"Portrait of Jason is a bizarre and weird and enthralling interview between the filmmaker Shirley Clarke and black gay performer Jason Holliday. Jason is at turns funny, amused, drunk, angry. Toward the end of the film, Clarke—who is asking questions from off camera—turns cruel, provoking Jason, openly mocking him. The movie is a stunning example of artistic and white cruelty and the ways in which queerness and blackness are performed on camera while the 'true' artist, ever white, hides." —Joe Osmundson
What are some crucial LGBTQ+ books that changed your perspective on queer identity?
"This might be controversial but the Garfield comic strip because, come on, Garfield is one shady, Monday-hating ass feline 'mo. He proves you can be both catty (ayyyyyy) and charming. Total queer icon. No comment on his relationship with Jon though." —Pico
"The story collection Going to Meet the Man by James Baldwin is enormously important to me as a queer book, in part because of its many thematic intersections: religion and faith, fathers and sons, white supremacy, fluid sexuality, drug addiction and criminal justice. And though people often don't refer to this book in this way, once again we're looking at the vulnerabilities of black male bodies, which in many ways are very much related to risk, otherness, and inherently, queerness. This book will add nuance and complication to any person's thinking when it comes to how sexuality and intimacy interact with other facets of identity." —Norris
"Totally cliché but Perks of Being a Wallflower was one of the most formative pieces of writing I can think of. It is obviously very juvenile and flippant when we go back to it after a decade more of queer books, but to me it was the very first narrative in which the gay character was introduced and the narrative didn't have to come to a screeching halt. The book plainly stated who kissed who, and moved on. That 'okayness' was revolutionary for me. So many queer kids to come are going to feel hope because of that one passage." —Tirado
"You know, I'm going to go with poetry on this one. The Autobiography of Red changed me as a reader and a writer. It's an odd, long book by Anne Carson based on fragments of Greek poetry. Geryon is a quiet, internal, deeply feeling child who falls in love with your classic jock, Herakles, who outs him and who kills him. The end is stunning, perplexing, and makes you want to immediately begin the book again. Geryon was a child much like me, and losing love—and the part that no one wants to talk about, losing the physical pleasure of connecting to a beloved—is on my mind these days. I mean, breakup sex, you guys: 'When they made love / Geryon liked to touch in slow succession each of the bones of Herakles' back / as it arched away from him into / who knows what dark dream of its own, running both hands all the way down / from the base of the neck / to the end of the spine which he can cause to shiver like a root in the rain.'" —Osmundson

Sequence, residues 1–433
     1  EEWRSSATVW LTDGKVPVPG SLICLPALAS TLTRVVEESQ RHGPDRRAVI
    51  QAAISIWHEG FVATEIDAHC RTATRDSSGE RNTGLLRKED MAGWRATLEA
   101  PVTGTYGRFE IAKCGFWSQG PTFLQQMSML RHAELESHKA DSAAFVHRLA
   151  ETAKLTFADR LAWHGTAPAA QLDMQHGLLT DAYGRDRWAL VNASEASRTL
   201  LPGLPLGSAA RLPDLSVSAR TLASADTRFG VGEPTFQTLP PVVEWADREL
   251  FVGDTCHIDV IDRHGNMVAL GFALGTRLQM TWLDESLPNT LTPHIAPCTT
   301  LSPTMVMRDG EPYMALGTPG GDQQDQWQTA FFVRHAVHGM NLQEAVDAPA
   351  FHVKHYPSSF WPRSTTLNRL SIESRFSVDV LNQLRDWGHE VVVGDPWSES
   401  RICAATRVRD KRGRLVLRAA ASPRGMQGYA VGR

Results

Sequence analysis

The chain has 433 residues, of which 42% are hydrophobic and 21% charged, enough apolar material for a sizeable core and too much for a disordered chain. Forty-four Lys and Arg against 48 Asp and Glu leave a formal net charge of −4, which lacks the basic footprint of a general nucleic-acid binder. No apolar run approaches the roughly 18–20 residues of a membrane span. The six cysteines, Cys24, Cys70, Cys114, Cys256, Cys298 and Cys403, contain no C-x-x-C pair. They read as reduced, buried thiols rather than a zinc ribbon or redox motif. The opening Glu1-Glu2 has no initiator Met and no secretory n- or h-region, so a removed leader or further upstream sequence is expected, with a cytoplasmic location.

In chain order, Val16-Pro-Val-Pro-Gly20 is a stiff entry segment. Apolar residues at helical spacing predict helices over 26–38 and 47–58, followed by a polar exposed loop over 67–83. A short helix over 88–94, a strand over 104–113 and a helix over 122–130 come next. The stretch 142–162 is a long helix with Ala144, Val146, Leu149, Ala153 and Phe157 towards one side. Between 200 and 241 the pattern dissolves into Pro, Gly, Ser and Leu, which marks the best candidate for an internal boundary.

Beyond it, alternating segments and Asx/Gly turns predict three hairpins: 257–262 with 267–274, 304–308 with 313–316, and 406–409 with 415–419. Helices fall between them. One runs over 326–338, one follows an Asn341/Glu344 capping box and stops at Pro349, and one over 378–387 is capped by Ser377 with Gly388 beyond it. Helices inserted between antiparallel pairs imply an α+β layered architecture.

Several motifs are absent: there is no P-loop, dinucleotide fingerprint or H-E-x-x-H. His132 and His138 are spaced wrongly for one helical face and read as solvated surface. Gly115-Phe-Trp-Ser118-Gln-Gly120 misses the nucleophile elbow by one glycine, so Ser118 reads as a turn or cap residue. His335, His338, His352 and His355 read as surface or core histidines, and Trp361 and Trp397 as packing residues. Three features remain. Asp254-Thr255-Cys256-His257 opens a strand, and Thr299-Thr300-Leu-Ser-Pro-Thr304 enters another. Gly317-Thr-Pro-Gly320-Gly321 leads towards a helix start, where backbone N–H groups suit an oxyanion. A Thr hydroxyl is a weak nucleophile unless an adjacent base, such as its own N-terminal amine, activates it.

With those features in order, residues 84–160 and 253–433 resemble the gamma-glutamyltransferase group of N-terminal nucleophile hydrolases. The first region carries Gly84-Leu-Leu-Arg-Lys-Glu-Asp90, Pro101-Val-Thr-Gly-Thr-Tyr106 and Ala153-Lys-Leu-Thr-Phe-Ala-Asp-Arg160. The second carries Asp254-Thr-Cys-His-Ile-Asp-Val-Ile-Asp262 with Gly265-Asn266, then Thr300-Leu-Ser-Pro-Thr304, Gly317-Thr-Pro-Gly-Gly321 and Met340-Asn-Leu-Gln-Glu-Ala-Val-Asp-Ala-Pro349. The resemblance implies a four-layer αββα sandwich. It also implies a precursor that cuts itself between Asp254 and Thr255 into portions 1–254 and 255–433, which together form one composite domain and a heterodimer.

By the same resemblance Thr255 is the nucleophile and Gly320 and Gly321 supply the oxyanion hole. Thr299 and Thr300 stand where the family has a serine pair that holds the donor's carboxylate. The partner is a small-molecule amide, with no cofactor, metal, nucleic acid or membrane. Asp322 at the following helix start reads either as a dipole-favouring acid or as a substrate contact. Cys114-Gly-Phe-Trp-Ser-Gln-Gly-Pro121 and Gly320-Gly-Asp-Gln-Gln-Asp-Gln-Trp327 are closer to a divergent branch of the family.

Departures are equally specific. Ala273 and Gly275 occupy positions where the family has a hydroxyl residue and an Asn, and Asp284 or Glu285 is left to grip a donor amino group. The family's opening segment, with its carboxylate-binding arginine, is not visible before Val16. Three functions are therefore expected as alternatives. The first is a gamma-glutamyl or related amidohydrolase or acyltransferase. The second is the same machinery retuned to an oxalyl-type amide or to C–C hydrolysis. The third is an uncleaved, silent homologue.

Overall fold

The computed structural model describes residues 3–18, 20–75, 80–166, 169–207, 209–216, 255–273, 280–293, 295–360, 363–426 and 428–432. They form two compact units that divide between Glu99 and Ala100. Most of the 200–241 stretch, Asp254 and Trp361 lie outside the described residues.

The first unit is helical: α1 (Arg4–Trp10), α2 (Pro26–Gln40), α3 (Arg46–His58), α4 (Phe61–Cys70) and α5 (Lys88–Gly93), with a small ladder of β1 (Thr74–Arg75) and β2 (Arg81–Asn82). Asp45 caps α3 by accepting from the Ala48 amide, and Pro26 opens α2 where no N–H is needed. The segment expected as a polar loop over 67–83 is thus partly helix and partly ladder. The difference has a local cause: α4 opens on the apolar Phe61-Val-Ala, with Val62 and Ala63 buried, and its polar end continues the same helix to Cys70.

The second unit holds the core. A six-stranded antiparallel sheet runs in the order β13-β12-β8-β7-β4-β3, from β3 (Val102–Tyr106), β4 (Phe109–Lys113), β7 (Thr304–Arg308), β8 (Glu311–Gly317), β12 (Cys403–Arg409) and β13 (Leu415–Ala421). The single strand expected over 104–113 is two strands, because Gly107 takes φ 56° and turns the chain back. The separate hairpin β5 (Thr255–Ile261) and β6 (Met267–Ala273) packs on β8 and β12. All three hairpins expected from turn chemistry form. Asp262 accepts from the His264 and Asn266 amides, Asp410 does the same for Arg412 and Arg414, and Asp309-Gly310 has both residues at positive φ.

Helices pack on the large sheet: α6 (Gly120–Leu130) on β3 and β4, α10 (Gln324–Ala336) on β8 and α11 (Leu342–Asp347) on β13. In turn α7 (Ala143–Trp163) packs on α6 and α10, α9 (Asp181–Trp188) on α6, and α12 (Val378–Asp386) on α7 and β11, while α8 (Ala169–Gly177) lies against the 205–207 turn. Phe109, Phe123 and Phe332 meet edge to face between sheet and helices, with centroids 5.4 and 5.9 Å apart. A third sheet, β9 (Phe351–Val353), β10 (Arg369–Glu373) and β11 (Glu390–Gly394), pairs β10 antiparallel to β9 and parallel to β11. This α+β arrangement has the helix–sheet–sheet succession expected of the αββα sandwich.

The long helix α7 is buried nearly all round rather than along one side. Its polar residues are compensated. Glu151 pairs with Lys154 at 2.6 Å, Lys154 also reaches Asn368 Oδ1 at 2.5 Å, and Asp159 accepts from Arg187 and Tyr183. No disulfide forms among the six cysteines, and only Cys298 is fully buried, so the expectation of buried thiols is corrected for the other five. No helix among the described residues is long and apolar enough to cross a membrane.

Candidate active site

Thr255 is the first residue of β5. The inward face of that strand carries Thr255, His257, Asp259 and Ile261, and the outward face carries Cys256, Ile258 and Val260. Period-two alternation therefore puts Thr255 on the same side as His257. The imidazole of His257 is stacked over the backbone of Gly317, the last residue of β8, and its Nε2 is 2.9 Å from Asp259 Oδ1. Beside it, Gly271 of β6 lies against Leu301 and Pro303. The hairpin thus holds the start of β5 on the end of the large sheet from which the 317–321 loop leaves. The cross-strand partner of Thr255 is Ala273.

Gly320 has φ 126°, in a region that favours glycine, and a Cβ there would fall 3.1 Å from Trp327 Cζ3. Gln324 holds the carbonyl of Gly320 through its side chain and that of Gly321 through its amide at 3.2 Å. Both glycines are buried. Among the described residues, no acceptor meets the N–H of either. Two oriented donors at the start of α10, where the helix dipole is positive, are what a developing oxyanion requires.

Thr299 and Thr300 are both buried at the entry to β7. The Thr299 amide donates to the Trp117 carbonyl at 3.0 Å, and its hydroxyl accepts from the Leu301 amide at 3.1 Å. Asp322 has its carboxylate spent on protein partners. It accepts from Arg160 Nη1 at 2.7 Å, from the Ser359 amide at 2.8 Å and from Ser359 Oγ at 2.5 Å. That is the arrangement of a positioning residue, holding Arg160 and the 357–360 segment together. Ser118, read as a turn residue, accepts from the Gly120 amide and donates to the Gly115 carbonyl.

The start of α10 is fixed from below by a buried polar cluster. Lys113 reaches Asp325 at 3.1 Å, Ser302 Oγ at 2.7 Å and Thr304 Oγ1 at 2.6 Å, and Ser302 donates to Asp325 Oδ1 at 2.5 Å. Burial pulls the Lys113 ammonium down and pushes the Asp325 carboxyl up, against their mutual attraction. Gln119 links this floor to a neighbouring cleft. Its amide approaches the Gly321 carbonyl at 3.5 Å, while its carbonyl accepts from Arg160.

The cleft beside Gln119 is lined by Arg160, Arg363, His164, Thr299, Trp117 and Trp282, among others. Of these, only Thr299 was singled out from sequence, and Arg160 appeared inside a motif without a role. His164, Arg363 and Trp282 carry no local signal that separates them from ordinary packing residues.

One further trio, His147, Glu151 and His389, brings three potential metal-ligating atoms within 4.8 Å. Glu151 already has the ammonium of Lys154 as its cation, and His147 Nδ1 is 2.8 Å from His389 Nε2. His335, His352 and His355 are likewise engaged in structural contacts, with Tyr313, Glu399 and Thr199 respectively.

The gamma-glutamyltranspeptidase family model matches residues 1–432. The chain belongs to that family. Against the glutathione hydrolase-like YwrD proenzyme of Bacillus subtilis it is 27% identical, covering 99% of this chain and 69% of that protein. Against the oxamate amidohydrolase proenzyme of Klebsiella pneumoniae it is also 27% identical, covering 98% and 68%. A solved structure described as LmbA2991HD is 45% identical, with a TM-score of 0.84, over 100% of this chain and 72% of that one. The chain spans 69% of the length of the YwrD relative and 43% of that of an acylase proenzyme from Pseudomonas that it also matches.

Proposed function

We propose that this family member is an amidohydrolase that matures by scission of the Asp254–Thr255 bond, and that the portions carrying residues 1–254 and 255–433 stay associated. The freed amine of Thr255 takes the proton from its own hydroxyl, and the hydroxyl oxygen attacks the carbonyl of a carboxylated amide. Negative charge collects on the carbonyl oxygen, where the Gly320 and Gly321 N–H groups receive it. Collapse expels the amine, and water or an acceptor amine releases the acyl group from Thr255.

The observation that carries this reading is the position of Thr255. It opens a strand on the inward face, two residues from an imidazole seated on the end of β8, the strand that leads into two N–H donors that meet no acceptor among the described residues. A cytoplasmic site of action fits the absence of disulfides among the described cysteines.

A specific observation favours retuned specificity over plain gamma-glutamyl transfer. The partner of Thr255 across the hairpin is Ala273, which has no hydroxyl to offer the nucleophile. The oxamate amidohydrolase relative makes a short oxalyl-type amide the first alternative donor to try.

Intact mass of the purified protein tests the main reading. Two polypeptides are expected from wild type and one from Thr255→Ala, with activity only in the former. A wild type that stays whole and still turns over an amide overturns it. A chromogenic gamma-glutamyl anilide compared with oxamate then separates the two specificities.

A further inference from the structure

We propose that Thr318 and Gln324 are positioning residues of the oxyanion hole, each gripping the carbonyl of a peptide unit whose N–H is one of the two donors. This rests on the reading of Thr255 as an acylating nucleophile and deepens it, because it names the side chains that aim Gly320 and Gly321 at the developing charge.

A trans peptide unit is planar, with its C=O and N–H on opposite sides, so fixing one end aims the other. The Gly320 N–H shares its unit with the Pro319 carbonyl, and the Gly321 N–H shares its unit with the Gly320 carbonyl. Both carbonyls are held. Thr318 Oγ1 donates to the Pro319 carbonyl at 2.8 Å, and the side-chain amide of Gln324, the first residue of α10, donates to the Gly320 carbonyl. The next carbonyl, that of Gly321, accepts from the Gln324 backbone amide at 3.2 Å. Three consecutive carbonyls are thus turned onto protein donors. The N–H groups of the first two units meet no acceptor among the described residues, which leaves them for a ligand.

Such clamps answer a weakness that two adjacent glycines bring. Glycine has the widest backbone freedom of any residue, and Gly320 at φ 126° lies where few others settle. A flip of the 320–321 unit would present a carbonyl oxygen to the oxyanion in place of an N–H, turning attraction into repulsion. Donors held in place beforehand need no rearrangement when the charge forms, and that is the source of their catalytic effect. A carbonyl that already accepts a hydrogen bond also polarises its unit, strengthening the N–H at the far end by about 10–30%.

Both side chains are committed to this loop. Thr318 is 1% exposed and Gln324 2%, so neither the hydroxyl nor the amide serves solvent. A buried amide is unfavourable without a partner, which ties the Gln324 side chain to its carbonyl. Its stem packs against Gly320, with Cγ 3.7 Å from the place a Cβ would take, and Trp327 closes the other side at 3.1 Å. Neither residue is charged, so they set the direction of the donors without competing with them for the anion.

What are the most important LGBTQ+ digital resources for you?
"Netflix has played an instrumental role in both hookup culture and meme culture, two cornerstones of modern queer life. Well, all modern life, I suppose, but we really kill it in both aspects, don't we?" —Pico
"I'm a bit of a troglodyte, so this was a hard one for me, but Buzzfeed LGBT is a daily source of inspiration, knowledge, and levity for me. From think pieces to listicles celebrating queer Twitter memes, I always feel like it keeps me in the loop and pushes my thinking." —Norris
"@LGBT_History on Instagram. Matt and Leighton, who are the incredible curators behind the account, are working through the 10,000 images they have in their archives documenting queer history that they've gathered up on their own time. As a complete passion project, they're crediting and telling the stories behind all these images, telling our rich history far, far, far beyond Stonewall." —Tirado
"My Instagram DMs?" —Osmundson
What parting message would you like to send to our readers?
"We're all single and actively mingling." —All the Thots
And now, a Pride playlist curated by the hosts of Food 4 Thot. You can find us on Spotify @wearesweet!